Fill In The Blanks Indictments

November 16, 2015

All Posts, News

Fill In The Blanks Indictments

The McLennan County grand jury that indicted 106 people in just under ten hours last week used fill in the blanks indictments similar to the fill in the blanks criminal complaints that were used to arrest the defendants in the first place.

The indictments charge at least some of the defendants with murder and assault rather than just the original charge of  engaging in organized criminal activity. The indictments name ten murdered persons. Those victims names are: Richard Matthew Jordan II; Jesus Delgado Rodriguez; Charles Wayne Russell; Daniel Raymond Boyett; Wayne Lee Campbell; Jacob Lee Rhyne; Richard Vincent Kirschner, Jr.; Manuel Isaac Rodriguez; Matthew Mark Smith; and William Anderson. Anderson’s name had not been previously associated with the other murder victims.

Defendants are charged in the indictments forms as having murdered  or assaulted named victims “and/or” other named victims. Defendants are described as having used a laundry list of weapons such as “knife and/or club and/or whip and/or handgun” etc. The unindividualized nature of the indictments and the haste with which they were returned suggests that prosecutors Abelino “Abel” Reyna, Michael Jarrett and Amanda Dillon considered the indictments to be a pro forma nod to legal convention rather than a genuine attempt to separate criminal actors – if any of the indicted actually acted criminally – from mere bystanders.

Whimsical Indictments

The indicted seem to have been capriciously selected from a pool of potential indictees.

For example Kyle Smith, who appeared to be firing a gun during a video that was widely seen on CNN just before the grand jury met, has been indicted. Paul Landers, a member of the Austin Escondido Motorcycle Club was indicted last week but none of his club brothers who were with him that day, including his chapter president, were indicted. Dusty Oehlert, a prospect with the Rebel Riders Motorcycle Club was indicted but none of his club brothers, including his chapter president were. Men who were simply standing in the parking a lot 100 yards from the melee near the Twin Peaks restaurant last May 17 were indicted. Burton George Bergman, who was walking to the nearby Don Carlos restaurant when the shooting started was indicted last week. Clifford Pierce, a Cossacks Motorcycle Club prospect who reportedly sparked the massacre when he tried to stop a Bandidos club officer from parking, was not indicted.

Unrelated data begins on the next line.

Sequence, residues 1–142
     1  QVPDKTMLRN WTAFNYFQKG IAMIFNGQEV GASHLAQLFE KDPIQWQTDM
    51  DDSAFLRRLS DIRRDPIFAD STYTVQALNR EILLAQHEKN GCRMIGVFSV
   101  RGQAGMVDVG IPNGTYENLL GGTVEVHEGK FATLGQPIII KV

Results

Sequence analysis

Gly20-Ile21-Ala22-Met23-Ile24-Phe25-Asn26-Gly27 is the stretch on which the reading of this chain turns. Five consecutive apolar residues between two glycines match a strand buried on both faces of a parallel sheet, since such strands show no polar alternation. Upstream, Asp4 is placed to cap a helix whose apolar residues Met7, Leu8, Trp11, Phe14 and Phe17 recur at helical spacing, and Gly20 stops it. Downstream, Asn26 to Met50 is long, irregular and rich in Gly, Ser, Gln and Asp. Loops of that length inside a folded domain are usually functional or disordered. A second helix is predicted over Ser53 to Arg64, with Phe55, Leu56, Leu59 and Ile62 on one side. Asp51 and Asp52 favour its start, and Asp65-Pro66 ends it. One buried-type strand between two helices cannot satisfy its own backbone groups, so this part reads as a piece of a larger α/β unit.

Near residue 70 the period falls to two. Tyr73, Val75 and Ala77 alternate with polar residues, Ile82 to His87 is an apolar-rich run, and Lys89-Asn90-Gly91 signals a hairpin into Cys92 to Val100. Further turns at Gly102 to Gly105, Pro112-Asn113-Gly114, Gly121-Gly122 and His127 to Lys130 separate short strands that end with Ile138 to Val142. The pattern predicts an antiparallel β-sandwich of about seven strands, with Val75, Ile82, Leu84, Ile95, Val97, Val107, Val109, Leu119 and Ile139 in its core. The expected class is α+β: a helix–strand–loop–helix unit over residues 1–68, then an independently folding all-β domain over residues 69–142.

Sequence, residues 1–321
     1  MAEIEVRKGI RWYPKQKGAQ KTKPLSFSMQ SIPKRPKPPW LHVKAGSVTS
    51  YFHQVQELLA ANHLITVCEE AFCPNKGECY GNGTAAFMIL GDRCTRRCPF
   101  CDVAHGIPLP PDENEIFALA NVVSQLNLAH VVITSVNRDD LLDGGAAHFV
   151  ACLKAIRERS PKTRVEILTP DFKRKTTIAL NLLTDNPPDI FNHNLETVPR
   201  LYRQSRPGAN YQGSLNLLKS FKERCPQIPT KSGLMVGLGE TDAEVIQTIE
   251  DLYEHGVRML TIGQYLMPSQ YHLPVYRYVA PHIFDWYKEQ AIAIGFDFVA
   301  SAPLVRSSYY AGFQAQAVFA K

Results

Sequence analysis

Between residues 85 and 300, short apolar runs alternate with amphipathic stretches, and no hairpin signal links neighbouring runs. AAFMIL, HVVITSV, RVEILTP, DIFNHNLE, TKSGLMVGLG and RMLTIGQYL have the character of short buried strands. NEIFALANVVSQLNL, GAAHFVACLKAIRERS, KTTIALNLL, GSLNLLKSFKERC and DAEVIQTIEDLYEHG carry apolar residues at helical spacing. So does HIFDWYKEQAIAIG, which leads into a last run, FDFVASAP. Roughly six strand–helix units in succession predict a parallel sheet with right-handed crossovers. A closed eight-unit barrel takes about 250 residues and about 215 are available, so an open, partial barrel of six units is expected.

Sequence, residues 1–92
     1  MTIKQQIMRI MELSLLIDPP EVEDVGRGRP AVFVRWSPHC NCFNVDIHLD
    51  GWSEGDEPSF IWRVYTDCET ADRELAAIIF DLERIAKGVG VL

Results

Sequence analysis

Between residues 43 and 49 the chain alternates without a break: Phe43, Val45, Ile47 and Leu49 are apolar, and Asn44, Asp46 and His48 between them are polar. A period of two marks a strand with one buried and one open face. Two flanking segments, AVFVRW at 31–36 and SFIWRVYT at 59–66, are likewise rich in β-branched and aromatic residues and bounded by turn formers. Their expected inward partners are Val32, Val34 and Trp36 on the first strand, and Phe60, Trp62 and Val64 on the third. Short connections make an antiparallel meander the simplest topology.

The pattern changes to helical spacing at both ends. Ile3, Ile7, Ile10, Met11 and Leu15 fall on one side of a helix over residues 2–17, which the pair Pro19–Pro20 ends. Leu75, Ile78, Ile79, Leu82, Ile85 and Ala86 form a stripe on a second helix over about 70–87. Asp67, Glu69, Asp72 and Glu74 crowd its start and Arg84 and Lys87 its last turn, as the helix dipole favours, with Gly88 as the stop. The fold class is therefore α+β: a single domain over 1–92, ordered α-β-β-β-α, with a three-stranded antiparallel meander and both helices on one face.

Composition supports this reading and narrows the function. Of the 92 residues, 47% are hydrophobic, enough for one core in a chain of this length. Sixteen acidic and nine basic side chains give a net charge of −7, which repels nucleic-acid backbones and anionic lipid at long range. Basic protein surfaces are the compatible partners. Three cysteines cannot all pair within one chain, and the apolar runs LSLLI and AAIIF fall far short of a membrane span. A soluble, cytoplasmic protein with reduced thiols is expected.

Pierce’s name appears in a sworn statement made November 3 in Houston by an attorney named James C. Winton. Winton represents the Waco Twin Peaks franchise in the five lawsuits that have been filed against that restaurant. In that statement, Winton alleges that “Pierce was not arrested and has simply vanished into thin air – his apartment cleaned out and never seen again. Was this gentleman who was so close to the spark, perhaps even the spark himself, an undercover police officer? Was he a confidential informant? Is he now in a witness protection program? No one knows.”

“We believe,” Winton continues, “that the evidence will show that too many of the dead and injured were hit in the head and upper torso for them to have been shot by bikers using pistols while ducking for cover. We believe that once ballistic reports are released, law enforcement officers will be shown to have played a substantial role in the shooting and causing the melee.”

As of yet, no police officer at the Twin Peaks Massacre has been indicted for his actions.


55 Responses to “Fill In The Blanks Indictments”

  1. Rebel Says:

    Dear CallingBS,

    Lawrence is it? Fuck you. Read the story again. Fucking trolls. I am not responsible for every fucking thing some lawyers says. I just report it. Classic Crybully. I should know better. What are you, one of those US Defenders assholes?


  2. nameless Says:

    xyz Says:
    November 16, 2015 at 5:44 pm
    Who is the former Bandido that became a Cossacks prospect?

    The other way around. Former Cossack, Red & Gold Prospect, now Full Patch.

  3. xyz Says:

    Scootertrammp wrote:



    Scootertramp – no disrespect was intended towards you, or anyone else, or any group.

    This is why I asked the question:

    Start listening at about 3:00:

    And it probably would be helpful to listen from the beginning to understand the context.

    It is also mentioned in the article here:

    Again, no disrespect intended.

  4. old & stoned Says:

    if i was Blk & Gold, i’d be going through everything to ID every patch at TP, and more important, ID every B&G involved in ANY prior skirmishes / confrontations with CoCI clubs, no matter how small.

    prosecution is trying to paint the R&G as ‘heavies’ here, when there is very likely evidence of B&G strong-arming CoC clubs to quit prior to TP, and probably by UC wacko pd’s.

    Waco PD used the B&G to ambush the R&G. then shot ’em dead.

    interestingly ironic factoid – ‘cossacks’ have historically been used as the ‘dirty hands’ of Gov’t.

  5. Gandalf Says:

    Peachy said, “When Cossacks say they were set up, they do not mean by bikers. They mean by le.” Exactly. Cossacks need to get a little payback from LE and testify who amongst them were (or might have been) LE. They are the only ones with that info…so far. The VERY SECOND LE is confirmed inside TPs the Civil case becomes VERY strong. Negligence.

  6. cboldt Says:

    rojas – the “continuing course of criminal activity” element is suppoosedly met by being a member or supporter of Cossacks or Bandidos.